On August 5th General Early again crossed the Potomac River into Maryland, moved through Sharpsburg toward Boonsboro.  Approximately half of Cole's Cavalry engaged the head of Early's column and was subsequently driven back, suffering heavy losses. 

With the appointment of General Sheridan over a combined infantry and cavalry command directed to take control of the Shenandoah, Cole's Cavalry was assigned to Merritt's Cavalry Division, Tolbert's Cavalry Corps, and participated in the subsequent campaign to dislodge General Early from the Shenandoah Valley.  In the winter of 1864 General Rosser, C.S.A., led a raiding party into West Virginia to collect horses and forage.  Cole's Cavalry was moved to West Virginia to protect that region.  Subsequent attacks against the B & O Railroad in the winter and spring of 1865 by Mosby's Raiders, forced the cavalry command to remain in West Virginia until the end of the war.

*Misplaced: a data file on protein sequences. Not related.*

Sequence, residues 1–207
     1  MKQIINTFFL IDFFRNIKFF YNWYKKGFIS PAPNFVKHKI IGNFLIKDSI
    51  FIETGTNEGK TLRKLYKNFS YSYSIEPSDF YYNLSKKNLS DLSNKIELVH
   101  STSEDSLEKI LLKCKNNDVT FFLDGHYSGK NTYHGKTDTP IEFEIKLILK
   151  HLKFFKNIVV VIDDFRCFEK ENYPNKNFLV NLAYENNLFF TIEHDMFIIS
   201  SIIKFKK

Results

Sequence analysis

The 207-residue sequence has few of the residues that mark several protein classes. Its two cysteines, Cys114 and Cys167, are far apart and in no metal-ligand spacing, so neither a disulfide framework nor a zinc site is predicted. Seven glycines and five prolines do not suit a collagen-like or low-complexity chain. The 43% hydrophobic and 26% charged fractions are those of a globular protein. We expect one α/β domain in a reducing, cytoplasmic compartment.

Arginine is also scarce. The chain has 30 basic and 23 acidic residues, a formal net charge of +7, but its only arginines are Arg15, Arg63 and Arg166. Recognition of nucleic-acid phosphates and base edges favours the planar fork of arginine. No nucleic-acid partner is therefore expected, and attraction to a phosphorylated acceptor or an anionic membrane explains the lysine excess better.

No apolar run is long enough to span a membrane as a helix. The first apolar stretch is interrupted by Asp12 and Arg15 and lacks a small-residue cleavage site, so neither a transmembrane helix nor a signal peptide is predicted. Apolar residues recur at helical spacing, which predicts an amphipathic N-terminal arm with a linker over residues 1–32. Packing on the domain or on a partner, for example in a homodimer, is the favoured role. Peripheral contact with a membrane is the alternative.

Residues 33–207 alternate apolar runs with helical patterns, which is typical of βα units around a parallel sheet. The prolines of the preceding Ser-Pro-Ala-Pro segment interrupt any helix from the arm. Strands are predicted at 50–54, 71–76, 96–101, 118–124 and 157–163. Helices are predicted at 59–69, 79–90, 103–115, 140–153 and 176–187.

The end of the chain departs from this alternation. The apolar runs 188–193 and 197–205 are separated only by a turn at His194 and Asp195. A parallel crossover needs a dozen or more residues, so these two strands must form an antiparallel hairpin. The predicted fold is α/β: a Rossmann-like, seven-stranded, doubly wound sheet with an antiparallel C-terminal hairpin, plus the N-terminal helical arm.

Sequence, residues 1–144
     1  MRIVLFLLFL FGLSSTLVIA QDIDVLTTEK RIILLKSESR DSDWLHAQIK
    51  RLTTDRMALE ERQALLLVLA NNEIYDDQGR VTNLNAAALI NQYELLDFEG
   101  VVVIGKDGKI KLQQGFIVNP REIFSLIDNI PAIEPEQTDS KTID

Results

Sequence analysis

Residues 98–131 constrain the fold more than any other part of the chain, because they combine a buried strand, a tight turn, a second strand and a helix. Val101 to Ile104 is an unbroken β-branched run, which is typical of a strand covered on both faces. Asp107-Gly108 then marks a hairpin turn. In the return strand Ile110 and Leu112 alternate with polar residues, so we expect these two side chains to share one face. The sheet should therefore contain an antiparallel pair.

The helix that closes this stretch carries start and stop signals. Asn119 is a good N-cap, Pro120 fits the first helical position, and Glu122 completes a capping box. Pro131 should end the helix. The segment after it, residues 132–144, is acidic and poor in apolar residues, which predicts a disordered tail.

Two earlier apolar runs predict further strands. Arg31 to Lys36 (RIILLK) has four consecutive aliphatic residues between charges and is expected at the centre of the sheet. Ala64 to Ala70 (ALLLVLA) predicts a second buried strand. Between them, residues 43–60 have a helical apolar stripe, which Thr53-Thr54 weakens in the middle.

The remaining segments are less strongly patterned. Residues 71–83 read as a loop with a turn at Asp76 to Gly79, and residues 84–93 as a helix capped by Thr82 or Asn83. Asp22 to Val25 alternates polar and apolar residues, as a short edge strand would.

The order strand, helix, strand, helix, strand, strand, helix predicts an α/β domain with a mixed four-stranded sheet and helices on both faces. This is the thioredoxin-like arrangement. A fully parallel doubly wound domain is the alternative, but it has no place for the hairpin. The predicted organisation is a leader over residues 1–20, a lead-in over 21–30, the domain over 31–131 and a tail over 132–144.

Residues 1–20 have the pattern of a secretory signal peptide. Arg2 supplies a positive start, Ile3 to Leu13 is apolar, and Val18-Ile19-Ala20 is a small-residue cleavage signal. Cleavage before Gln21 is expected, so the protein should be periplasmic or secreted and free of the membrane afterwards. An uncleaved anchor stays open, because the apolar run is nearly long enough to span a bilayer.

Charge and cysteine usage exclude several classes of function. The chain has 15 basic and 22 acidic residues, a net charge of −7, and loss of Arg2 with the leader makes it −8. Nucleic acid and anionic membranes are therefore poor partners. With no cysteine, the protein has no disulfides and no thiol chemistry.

Cole's Cavalry was mustered out of service on June 28, 1865 at Harper's Ferry.  The cavalry command then rode to Baltimore to be formally discharged.  It is estimated that the command rode over 7000 miles during its four years in the saddle. 

The exploits of Cole’s Battalion were among the most heroic and spectacular of any organization in the Eastern theater of the Civil War. The men themselves stuck together as a fraternity long after the war. As late as 1892 they were holding reunions at the local Grand Army of the Republic headquarters, banqueting at the old Western Maryland Hotel, and holding "campfires" where they relived their old days in the field and camp.